Independent publisher Bluechrome has out-sourced its editorial and mentoring functions to new-born “literary consultancy” Bubble Cow as part of a deeper re-structuring of the company’s operations.
Bubble Cow launched in October 2008. It claims to offer professional editorial services to individual authors as well as publishers. With the rise of self-publishing through print on demand exploits such as those offered by Lulu.com, Bubble Cow’s founders consider they are plugging a gap that can make all the difference between success and failure for such authors.
The consultancy provides editorial feedback from professional editors within seven days, and aims to give writers support whether they aim to publish themselves or traditionally through a third-party publisher, the company says.
“Clearly we are delighted to have come to an agreement with Bluechrome to produce a variety of services, and are looking forward to working with their range of authors,” said Caroline Smailes, one of the founders of the Cheshire-based consultancy. She is also the author of ‘In Search of Adam’ and ‘Black Boxes’.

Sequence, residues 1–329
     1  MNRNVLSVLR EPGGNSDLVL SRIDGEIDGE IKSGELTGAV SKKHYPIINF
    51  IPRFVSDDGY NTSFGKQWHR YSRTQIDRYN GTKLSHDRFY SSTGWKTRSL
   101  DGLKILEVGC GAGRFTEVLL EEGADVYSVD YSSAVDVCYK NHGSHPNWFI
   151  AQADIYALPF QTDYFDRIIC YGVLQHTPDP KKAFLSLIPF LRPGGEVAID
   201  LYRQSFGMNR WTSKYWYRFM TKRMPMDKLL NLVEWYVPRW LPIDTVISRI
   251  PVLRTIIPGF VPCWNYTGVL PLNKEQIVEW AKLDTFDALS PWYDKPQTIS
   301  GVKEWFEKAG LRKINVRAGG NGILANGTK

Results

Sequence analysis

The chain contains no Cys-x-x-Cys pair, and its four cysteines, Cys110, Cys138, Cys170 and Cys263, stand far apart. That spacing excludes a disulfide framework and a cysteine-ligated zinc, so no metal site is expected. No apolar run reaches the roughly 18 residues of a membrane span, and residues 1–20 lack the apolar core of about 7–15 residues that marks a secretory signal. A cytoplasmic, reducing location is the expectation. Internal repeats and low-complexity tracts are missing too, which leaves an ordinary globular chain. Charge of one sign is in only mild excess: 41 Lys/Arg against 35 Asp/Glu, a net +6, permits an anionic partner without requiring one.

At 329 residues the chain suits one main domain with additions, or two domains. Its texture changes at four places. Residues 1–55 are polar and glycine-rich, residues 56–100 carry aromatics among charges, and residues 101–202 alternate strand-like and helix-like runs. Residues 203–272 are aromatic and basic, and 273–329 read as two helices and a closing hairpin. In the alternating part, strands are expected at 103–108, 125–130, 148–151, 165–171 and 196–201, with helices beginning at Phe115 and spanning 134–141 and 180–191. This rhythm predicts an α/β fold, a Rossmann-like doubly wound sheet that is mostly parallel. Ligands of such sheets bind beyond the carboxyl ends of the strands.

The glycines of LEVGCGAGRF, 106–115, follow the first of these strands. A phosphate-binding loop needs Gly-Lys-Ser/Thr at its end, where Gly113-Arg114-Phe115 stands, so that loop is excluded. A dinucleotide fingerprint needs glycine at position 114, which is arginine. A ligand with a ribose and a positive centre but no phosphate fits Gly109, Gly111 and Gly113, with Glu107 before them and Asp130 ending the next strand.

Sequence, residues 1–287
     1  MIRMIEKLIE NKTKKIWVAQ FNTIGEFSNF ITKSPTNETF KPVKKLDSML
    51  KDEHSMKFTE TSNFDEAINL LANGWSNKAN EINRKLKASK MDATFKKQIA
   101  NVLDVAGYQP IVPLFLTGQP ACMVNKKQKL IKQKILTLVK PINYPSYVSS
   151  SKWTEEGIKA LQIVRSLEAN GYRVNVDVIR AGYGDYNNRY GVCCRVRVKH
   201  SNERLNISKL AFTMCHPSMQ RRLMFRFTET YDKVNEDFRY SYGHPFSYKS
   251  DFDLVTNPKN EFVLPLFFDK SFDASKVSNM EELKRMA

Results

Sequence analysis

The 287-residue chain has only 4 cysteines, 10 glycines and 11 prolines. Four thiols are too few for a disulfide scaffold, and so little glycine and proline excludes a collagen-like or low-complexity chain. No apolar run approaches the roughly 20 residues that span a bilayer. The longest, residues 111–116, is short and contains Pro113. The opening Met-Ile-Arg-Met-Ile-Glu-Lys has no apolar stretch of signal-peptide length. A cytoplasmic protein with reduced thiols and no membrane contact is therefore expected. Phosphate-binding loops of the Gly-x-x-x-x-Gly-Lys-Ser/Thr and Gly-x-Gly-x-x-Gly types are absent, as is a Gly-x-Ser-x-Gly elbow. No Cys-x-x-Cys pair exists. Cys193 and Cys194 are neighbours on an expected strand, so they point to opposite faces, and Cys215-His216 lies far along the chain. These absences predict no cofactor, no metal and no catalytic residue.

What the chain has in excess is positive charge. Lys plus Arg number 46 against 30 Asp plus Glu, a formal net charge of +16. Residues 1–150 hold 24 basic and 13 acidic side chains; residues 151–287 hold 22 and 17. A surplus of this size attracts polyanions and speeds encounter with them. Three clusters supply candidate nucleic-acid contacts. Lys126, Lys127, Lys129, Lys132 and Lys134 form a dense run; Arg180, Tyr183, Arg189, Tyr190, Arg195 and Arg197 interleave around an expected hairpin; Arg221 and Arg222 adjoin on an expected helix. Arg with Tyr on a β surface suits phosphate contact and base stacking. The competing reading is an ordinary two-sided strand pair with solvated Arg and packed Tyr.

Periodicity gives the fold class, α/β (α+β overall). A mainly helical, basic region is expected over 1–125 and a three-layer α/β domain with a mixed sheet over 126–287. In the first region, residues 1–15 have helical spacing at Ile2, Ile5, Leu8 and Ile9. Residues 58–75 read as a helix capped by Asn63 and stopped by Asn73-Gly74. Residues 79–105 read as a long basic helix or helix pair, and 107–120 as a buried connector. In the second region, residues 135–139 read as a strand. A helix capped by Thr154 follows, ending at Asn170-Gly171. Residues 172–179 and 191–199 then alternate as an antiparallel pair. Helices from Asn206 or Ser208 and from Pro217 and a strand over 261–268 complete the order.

She added: “This is a difficult time for smaller publishers and by outsourcing aspects of their editorial process, they can concentrate what are often scarce resources on other, more productive areas. Bubble Cow was established with the aim of providing top quality editorial support so that any author can make the best of their talent, whether they have signed with a publisher or simply hope to.”
Bluechrome was established in 2002, based in Portishead, Bristol, and it publishes between 20 and 30 titles a year. It focuses on experimental or literary fiction and poetry.
Editor-in-Chief Anthony Delgado said: “For an independent press like ourselves, Bubble Cow offer fantastic turnaround times and levels of professionalism, and it is good to know that they are available whenever we need them. This agreement is part of a wider restructuring for Bluechrome, and by outsourcing the editorial side of our fiction publishing, we will be able to push forward on other areas such as our e-book strategy and the wider distribution of our titles than would otherwise have been possible.
For more information on the two companies, visit their websites: